Hoffman has built an entire career out of playing self-loathing losers but here he plunges new depths in what's easily the least mainstream project his name has ever been attached to and one of his most challenging, rewarding roles. He lifts patheticness to an art form while all three actresses are on equal ground in terms of what they bring to the film. While I may be unclear on other issues it's hard to name three supporting actress performances in 2008 that could rival Keener, Morton or Williams'. It's rare to see three female supporting roles of this size and importance contained within a single film. They're the driving engine. Remove one of them and you'd have no film as each represents something very different for Caden, serving as a reflection of his own shortcomings. Keener's Adele is gifted at painting miniature pictures so what better way for him to get back at her then to undertake a project as big as possible?

Despite its self knowing tone and moments of genuine humor this is a very, very bleak film. Just the last word of dialogue spoken in it is proof enough of that. But as full of despair as it is it's also bursting with beauty and can be viewed as a love letter to creativity and a kick in the ass to the starving artist who dares to dream big. By its conclusion you're not so sure that this story was really just about Caden or that Kaufman made it just to entertain himself. If he did, he definitely went hard on himself. The deeper possibility exists that this film was ours, representing what we do with the limited time we have and how we place people in our lives in the parts we want them to play.

Though this runs 124 minutes it feels much longer probably because it's so gigantic in scope and ideas. When the final credits rolled I was unsure whether I wanted to hug Kaufman or strangle him. He made something that's just SO inaccessible and difficult to follow, but boy does he have balls for filming it. Like Richard Kelly last year he's gotten away with murder and it's a miracle any studio released this. He can take his place alongside Kelly, Tarantino and Luhrmann in the self-indulgence hall of fame.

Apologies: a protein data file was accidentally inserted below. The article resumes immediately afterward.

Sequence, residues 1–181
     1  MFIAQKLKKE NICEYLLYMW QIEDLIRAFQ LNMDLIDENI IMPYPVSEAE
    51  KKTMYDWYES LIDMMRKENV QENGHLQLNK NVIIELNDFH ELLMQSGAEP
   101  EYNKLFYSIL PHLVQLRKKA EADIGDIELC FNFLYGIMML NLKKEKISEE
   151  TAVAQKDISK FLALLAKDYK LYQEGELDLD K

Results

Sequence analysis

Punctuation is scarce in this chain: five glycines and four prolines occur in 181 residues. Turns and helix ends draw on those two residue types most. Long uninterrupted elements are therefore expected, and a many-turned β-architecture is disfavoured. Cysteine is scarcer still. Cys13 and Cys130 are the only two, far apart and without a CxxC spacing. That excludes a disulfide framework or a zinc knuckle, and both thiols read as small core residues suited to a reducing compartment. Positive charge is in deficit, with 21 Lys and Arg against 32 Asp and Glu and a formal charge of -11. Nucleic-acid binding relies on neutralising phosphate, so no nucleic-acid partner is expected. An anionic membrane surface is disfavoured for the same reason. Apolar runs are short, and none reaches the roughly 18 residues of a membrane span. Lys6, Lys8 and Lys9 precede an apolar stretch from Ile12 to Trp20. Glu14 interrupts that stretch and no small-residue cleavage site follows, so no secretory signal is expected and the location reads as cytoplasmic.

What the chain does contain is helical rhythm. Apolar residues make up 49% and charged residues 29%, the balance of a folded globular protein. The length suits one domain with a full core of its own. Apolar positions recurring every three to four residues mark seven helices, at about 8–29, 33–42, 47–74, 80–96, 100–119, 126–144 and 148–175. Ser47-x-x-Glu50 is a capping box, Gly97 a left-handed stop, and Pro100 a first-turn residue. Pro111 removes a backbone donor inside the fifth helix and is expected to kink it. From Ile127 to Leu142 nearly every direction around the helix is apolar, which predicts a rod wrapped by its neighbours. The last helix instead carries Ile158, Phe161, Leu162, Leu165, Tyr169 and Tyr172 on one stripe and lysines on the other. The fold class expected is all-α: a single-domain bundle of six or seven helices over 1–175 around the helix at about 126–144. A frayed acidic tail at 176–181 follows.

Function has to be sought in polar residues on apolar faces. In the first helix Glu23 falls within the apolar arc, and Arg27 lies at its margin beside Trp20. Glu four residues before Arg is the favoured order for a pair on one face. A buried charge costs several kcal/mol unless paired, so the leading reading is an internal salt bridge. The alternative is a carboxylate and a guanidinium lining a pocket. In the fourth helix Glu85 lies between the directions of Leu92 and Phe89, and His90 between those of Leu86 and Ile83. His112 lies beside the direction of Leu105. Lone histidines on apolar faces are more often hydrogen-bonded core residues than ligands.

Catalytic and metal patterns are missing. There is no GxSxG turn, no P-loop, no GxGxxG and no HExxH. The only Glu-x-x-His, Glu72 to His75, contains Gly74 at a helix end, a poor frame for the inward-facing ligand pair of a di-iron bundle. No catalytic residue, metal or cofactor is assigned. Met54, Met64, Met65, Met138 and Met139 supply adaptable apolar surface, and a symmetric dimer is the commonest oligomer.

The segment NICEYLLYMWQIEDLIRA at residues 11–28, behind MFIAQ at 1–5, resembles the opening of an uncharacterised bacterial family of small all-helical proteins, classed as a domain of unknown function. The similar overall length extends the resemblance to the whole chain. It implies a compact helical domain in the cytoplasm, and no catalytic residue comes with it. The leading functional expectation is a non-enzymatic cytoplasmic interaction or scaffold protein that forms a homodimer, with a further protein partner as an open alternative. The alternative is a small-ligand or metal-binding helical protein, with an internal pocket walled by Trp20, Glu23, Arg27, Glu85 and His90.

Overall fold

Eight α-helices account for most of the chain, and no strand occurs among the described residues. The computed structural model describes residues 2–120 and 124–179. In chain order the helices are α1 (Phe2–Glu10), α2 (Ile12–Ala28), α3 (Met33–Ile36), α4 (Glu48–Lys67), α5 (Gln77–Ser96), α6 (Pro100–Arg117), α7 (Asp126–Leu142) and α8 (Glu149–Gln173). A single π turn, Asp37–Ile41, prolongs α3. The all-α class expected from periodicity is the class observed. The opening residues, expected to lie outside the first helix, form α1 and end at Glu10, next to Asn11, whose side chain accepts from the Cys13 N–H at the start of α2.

The irony of it all is that this sticks out like a sore thumb in a year that saw very few filmmakers take any big risks and the output was disappointingly mainstreamed. There's always the dangerous tendency to overpraise a film for being different and original without thinking first whether it's just over-the-top eccentricity masquerading as art. Similarly, nothing should ever be casually dismissed on the grounds of weirdness or overambition. I was forewarned by many going in that this would be "my kind of movie." They were right. Subsequent viewings are necessary to unravel its mysteries. Kaufman has given us something we've never seen before and it better settle in because it'll be staying for a while.

1 comment:

thebonebreaker said...

I am glad to hear that I am not alone in being completely perplexed by this film [you are the only other one that I know who has seen it]

Had Hoffman not been the lead character, I am not sure that it would have held my interest as much.

Excellent review as always Jeremy!